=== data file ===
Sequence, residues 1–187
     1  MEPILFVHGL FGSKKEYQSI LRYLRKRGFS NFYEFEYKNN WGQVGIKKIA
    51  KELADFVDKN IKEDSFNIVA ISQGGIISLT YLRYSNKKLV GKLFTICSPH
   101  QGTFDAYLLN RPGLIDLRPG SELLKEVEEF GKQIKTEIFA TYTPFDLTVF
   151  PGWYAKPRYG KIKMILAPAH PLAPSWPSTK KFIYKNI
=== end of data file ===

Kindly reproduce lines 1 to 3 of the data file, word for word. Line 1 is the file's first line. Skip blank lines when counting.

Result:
Sequence, residues 1–187
     1  MEPILFVHGL FGSKKEYQSI LRYLRKRGFS NFYEFEYKNN WGQVGIKKIA
    51  KELADFVDKN IKEDSFNIVA ISQGGIISLT YLRYSNKKLV GKLFTICSPH